My Mum arrived at my house last week with an enormous box of olives from my aunt and uncle’s garden. I’d nearly forgotten that they were going to give me some, so it took me a bit by surprise, and more so when I saw just how many there were. Unfortunately I didn’t take a picture of the box, but there were quite a few kilograms of them, ranging from green to deep dark purply-black.
Now, the last time I tried curing olives it involved soaking them in water and changing it every other day or so for weeks and weeks. Needless to say it wasn’t the success I’d hoped for, too many of the olives went bad and the texture of the rest wasn’t great. I think they were way too ripe (they came from a neighbour’s tree—I’d rescued them from being thrown out). So this time, I immediately hopped online to figure out the best way to cure them. Most recipes advocated soaking them in brine—essentially very salty water—for weeks. I also found some recipes for dry-curing or as it is sometimes called, “oil-curing”, which doesn’t actually involve oil, instead you pack the olives in salt. Armed with a lovely blogpost describing both methods, I gathered my ingredients and equipment, girded my loins and waded in.
Sadly, a lot of the olives were a little the worse for wear, bruised and dented. So I sorted through to pick out the least damaged ones and divided them into a batch of green to purple olives and a batch of purply-black olives. Don’t worry, there were still plenty of olives in each batch. According to all of the information I read online, the green ones have more of the bitter glucosides than the black ones, and hence need more soaking, so I decided to do the green-purple batch in brine and the purple-black ones in salt.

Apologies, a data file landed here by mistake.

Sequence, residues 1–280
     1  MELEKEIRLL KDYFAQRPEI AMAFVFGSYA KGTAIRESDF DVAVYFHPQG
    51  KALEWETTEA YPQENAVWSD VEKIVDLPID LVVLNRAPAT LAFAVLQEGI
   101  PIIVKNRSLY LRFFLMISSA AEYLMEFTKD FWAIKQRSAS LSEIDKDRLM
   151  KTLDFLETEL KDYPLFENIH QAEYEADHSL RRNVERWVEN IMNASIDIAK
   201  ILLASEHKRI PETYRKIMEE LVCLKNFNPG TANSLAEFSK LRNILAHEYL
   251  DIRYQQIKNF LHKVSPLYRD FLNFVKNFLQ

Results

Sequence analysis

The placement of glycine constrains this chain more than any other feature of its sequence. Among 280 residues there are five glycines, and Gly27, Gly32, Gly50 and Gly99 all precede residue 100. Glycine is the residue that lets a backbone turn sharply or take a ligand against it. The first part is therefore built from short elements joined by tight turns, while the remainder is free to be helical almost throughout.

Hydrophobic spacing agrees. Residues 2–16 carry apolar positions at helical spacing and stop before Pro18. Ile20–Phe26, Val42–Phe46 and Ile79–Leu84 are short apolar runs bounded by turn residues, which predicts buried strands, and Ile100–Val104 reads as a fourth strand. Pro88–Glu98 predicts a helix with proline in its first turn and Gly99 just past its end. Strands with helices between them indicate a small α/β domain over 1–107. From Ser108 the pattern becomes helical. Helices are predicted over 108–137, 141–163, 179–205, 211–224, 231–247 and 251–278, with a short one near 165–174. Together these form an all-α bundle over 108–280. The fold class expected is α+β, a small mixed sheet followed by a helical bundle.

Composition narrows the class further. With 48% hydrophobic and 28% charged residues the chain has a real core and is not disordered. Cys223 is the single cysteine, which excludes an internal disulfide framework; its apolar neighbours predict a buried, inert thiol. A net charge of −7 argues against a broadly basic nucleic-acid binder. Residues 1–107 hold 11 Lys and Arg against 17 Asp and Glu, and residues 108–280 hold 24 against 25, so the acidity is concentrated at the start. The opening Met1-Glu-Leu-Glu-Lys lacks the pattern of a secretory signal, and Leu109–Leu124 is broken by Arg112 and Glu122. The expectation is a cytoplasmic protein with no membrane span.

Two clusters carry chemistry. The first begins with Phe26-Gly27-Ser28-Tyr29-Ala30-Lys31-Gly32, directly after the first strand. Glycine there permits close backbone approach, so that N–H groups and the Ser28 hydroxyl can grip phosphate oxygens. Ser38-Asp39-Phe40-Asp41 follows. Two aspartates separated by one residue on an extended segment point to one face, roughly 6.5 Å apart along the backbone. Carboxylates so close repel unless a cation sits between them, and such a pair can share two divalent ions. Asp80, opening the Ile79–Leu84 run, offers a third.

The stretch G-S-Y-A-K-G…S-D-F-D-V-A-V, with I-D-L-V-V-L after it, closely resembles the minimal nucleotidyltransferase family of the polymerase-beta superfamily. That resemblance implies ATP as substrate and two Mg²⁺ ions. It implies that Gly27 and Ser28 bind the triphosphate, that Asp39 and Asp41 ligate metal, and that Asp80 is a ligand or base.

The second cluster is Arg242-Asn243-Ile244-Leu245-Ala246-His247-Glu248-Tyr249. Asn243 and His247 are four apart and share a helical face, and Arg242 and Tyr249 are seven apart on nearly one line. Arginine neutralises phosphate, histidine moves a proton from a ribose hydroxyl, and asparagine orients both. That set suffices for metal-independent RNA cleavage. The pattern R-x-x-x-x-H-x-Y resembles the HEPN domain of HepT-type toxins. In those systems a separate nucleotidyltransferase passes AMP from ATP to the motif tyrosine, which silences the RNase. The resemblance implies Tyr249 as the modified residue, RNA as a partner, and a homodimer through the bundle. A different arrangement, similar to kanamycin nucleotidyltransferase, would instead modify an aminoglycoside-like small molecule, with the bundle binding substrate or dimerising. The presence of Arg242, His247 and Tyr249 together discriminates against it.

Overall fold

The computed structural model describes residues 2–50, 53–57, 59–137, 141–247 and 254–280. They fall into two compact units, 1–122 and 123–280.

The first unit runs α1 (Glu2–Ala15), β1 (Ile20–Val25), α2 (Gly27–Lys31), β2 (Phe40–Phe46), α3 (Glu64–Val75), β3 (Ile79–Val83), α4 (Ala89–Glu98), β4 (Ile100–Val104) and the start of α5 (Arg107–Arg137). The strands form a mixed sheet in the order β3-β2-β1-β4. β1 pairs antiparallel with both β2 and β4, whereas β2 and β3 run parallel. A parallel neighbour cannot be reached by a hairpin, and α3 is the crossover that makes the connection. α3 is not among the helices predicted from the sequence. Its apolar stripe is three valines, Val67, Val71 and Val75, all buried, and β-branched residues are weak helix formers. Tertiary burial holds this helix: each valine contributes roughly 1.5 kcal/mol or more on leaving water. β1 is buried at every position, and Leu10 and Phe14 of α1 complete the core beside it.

There really isn’t much to either method, so I’m not going to write a recipe, just list the steps.
- Wash the olives and then use a sharp knife to slit them so that the bitter compounds can escape more easily.
- For the brined olives, pack them into a large jar, then cover with brine (warm up water in a saucepan, then dissolve enough salt into it so that an egg—raw and still in its shell—floats, then let it cool.). Use a ziplock bag containing water to press the olives down into the solution if you need to.
- For the dry-cured olives, layer olives and salt in a jar so that all of the olives are completely covered in the salt.
- Put both batches in the cupboard and give them a good shake every week or so.
- Start tasting the brined batch after a few weeks, keep tasting regularly until they start to taste like salty olives, not bitter ones.
- Start tasting the salt-packed olives after about three weeks, again, taste regularly until you like the taste.
- Rinse off the brine/salt, and repackage in more brine, or vinegar or olive oil. I’ll let you know what I do here when I get to that point.
In case you’re wondering, I used pure salt (no added iodine) from the supermarket. Nothing fancy, because I used around 3.5 kg of it, close to 3 kg in the salt-packed batch and another 0.5kg in the brine. I have two 2L jars of the salt-packed olives and a 3L jar that is about two-thirds full for the brined batch.
I’ll keep you updated as the curing progresses. Wish me luck!!